The new rule went into effect on March 14 after then-Texas HHSC commissioner Tom Suehs signed off on it in February. The federal government, which provides $9 for every $1 paid by the state into the Women’s Health Program, responded by saying it would not continue to fund the WHP because Texas’s move to bar Planned Parenthood, a key health provider, from the program violated federal rules. (Planned Parenthood provides more than forty percent of care under the WHP.)

What’s all this noise about litigation? 
One could be forgiven for not knowing where Planned Parenthood stands in the WHP, as recent months have brought a flurry of legal rulings that excluded and included the women’s healthcare provider from the program.

In mid April, Planned Parenthood filed a federal lawsuit against the state of Texas, arguing that the rule violated the organization’s right to free speech. By the end of the month a federal judge in Austin had granted a preliminary injunction that barred Planned Parenthood from being excluded. But on August 21, a three-judge panel of the U.S. Court of Appeals for the Fifth Circuit lifted that injunction, ruling Texas can keep Planned Parenthood out. Planned Parenthood countered by requesting that the U.S. Court of Appeals for the Fifth Circuit hear the case en banc, but that request was denied.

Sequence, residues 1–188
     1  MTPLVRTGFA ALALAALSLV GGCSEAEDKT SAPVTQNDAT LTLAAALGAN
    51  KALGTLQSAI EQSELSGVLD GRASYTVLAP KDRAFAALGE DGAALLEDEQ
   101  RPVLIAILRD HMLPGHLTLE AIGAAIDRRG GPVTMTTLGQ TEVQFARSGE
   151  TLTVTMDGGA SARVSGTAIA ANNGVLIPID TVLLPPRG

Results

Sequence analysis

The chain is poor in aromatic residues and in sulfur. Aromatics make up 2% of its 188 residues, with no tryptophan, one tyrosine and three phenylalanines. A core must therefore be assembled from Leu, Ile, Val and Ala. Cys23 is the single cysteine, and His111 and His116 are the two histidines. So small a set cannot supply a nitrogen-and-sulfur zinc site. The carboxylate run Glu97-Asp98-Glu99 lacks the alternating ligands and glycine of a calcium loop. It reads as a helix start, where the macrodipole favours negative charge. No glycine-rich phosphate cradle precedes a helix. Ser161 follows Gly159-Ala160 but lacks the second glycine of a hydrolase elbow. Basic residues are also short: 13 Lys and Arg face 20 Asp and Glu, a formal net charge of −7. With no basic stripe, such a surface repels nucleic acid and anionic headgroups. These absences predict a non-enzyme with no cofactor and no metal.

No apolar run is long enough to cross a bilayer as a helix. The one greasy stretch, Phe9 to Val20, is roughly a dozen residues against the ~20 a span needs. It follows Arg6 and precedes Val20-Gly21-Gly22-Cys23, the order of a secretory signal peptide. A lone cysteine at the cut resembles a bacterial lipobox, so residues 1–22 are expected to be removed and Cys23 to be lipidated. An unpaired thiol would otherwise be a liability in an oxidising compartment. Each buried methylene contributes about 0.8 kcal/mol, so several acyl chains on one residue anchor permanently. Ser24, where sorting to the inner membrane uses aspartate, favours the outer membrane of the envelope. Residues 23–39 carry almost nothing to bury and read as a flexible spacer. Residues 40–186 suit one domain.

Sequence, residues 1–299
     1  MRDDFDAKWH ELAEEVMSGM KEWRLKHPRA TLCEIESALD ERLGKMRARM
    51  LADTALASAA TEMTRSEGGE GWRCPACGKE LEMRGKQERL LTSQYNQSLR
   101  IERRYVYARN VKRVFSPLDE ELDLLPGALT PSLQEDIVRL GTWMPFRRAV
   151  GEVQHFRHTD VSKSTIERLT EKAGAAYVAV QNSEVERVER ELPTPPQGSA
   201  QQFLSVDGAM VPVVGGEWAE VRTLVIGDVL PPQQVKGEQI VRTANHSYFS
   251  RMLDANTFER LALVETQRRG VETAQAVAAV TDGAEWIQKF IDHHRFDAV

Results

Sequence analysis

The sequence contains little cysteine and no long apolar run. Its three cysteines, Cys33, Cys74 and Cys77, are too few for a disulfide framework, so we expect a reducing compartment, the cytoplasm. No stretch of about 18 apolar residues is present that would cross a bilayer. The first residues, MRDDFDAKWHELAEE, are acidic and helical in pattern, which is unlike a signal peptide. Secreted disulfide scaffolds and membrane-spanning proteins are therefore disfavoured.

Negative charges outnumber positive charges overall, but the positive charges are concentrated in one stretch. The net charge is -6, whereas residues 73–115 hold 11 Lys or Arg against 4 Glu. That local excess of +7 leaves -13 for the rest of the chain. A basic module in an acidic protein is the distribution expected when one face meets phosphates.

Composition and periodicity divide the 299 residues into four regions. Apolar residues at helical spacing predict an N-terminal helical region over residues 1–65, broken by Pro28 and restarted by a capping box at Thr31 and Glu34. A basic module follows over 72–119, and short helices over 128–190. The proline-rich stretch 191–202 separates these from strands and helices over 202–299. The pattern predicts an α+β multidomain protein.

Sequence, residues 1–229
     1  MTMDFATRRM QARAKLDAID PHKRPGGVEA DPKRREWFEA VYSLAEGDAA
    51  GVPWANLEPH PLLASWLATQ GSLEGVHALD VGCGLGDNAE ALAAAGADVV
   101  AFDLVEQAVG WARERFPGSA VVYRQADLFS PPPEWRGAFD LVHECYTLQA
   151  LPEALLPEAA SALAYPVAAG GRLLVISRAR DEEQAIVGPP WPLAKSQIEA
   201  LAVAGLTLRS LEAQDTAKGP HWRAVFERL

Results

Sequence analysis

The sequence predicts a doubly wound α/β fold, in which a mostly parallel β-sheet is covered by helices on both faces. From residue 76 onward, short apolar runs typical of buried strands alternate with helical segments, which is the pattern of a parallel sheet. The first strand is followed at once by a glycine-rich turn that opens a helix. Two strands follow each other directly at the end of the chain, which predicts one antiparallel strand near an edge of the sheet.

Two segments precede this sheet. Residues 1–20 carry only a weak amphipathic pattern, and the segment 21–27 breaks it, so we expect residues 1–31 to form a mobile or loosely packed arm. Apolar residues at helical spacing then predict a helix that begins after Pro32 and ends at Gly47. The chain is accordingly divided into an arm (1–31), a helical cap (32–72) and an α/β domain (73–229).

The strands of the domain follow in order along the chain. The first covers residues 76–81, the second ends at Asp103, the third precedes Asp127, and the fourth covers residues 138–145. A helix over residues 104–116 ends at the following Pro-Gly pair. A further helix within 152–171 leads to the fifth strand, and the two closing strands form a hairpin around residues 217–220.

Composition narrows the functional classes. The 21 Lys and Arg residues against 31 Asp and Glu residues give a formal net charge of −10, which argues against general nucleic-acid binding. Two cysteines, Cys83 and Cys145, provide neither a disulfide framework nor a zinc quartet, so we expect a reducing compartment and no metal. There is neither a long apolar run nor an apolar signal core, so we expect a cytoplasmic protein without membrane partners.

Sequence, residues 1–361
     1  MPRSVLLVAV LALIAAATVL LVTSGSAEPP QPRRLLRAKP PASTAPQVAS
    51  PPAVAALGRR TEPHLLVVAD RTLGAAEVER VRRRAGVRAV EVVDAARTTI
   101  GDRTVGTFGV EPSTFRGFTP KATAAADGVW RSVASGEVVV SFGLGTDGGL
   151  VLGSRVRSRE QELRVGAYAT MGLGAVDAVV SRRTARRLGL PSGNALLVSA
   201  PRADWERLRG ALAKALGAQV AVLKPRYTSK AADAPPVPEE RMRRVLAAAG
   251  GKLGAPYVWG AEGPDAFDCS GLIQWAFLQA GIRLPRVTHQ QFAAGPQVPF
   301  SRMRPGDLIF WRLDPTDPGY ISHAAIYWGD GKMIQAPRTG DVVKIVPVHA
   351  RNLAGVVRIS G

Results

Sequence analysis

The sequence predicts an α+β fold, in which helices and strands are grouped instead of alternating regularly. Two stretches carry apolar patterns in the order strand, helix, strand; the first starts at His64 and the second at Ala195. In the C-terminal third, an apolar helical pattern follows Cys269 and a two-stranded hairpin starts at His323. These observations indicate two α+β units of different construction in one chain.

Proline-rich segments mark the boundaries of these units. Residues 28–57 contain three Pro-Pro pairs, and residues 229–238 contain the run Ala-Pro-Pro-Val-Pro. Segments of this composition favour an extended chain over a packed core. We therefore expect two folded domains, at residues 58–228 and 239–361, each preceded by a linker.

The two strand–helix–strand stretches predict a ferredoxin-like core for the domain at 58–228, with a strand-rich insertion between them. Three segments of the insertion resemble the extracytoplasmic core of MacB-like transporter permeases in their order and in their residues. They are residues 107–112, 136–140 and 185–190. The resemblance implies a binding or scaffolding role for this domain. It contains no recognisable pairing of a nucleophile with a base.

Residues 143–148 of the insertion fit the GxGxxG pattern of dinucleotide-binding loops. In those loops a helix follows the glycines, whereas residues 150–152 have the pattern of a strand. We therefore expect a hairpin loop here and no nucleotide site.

So in October, Planned Parenthood filed another lawsuit in state court, this time arguing that “affiliate rule violates a state requirement that the program conform with federal law and be eligible to receive federal funds,” the AP reported. A state court judge granted a temporary restraining order that keeps Planned Parenthood in the program until a November 8 hearing on a temporary injunction.

And in March, Abbott entered the fray himself, filing a lawsuit against the feds over the loss of funding.

How would Texas fund a state-run WHP?
Without those federal dollars, the state is on the hook for close to $40 million to keep the program running. (The state currently pays $4 million of the program’s $40 million budget.) Governor Perry has promised that the WHP would live on, with or without federal funding.

In April, Texas sent a proposal to the U.S. Centers for Medicare and